601 F2d 256 Air Surrey Corporation v. National Labor Relations Board

601 F.2d 256

102 L.R.R.M. (BNA) 2599, 87 Lab.Cas. P 11,601


No. 77-1326.

United States Court of Appeals,
Sixth Circuit.

July 16, 1979.

Mark V. Webber, Roemisch & Wright, Cleveland, Ohio, for petitioner.

Elliott Moore, Deputy Associate Gen. Counsel, John H. Ferguson, National Labor Relations Board, Washington, D. C., for respondent.

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Before CELEBREZZE, Circuit Judge, PHILLIPS, Senior Circuit Judge and THOMAS,* District Judge.



This case is before the court on petition of Air Surrey Corporation to review and set aside an order of the National Labor Relations Board finding petitioner violated § 8(a)(1) of the National Labor Relations Act, 29 U.S.C. § 158(a)(1), when it discharged one of its employees for seeking information concerning the amount of funds in petitioner's payroll checking account. 229 NLRB No. 155. The Board has cross-petitioned for enforcement. These petitions are properly before this court since the alleged unfair labor practice occurred in Medina, Ohio. 29 U.S.C. § 160(e).


During March and April of 1976 the petitioner had issued several payroll checks that were not paid by the drawee bank for insufficient funds. Each check was eventually paid by petitioner, but the employees became concerned about the petitioner's financial position. On April 9, 1976, a payday, employees Patton, Guitar, Cline, and Sanders discussed the paycheck problem at lunch. They agreed they would go to petitioner's bank to inquire whether sufficient funds existed to cover the payroll. Only employee Patton entered the bank since the others had trouble parking the automobile. Patton was informed by a bank teller that there did not exist sufficient funds in the account to cover the entire payroll.


Later that afternoon a company official, Mr. Davis, discovered from his wife that an employee had inquired into the company's account. When the employees were confronted with the allegation all the employees except Patton denied involvement. Patton was immediately discharged.


It has long been the law in our circuit that an employer cannot be held in violation of § 8(a)(1) of the Act when it discharges an employee for activity which may in fact be protected under the Act but the employer lacks knowledge of its protected character. NLRB v. Westinghouse Electric Corp.,179 F.2d 507 (6th Cir. 1949). It is the employer's knowledge of an employee's protected activity and his subsequent discharge of the employee for engaging in such activity which violates the Act.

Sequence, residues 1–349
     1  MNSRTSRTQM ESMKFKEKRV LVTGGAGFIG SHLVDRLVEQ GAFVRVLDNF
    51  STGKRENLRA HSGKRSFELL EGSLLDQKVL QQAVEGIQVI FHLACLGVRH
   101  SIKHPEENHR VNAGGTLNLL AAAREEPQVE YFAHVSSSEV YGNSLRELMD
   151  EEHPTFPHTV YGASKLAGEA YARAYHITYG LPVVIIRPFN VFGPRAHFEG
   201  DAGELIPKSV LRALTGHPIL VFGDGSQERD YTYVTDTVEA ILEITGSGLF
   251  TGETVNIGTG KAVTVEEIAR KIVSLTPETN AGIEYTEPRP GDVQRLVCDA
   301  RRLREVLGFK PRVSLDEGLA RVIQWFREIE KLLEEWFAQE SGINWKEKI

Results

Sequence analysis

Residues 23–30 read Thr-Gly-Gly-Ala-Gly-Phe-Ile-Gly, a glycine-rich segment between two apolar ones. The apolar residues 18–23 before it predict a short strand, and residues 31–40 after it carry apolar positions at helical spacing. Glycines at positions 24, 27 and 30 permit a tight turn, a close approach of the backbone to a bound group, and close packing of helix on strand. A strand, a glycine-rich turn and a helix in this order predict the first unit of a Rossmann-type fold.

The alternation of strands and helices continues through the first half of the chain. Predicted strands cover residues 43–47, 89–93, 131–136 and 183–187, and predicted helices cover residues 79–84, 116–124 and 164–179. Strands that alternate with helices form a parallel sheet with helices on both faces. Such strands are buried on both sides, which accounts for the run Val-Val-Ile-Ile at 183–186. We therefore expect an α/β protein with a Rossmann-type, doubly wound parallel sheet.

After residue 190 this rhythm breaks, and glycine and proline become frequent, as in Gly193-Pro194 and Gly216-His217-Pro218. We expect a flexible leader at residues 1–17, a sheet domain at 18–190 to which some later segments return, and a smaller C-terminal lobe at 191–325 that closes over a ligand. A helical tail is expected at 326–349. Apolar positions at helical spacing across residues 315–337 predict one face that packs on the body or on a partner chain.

In the instant case the record when read as a whole does not display substantial evidence that Davis knew of the concerted nature of Patton's activity. It is clear from the record that Patton was acting on behalf of himself and three other employees "for their mutual aid" when he made his inquiries at the bank. Under decisions of the Board and this court such actions would be protected under the Act. See e. g. ARO, Inc. v. NLRB, 596 F.2d 713 (6th Cir. 1979); NLRB v. Guernsey-Muskingum Electric Co-op, 285 F.2d 8 (6th Cir. 1960). The record does not, however, display substantial evidence that Davis was aware of the concerted nature of the activity when he discharged Patton. The record reflects Davis was aware Patton had gone to the bank, but it does not reflect Davis knew Patton was acting on behalf of the other employees.


Although judicial review is limited, we conclude that the decision and order of the Board in the present case is not supported by substantial evidence on the record considered as a whole. Universal Camera Corp. v. NLRB, 340 U.S. 474, 71 S.Ct. 456, 95 L.Ed. 456 (1951).

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Accordingly, the decision and order of the Board is hereby vacated and the Board's petition for enforcement is denied.


The Honorable William K. Thomas, United States District Judge, for the Northern District of Ohio, sitting by designation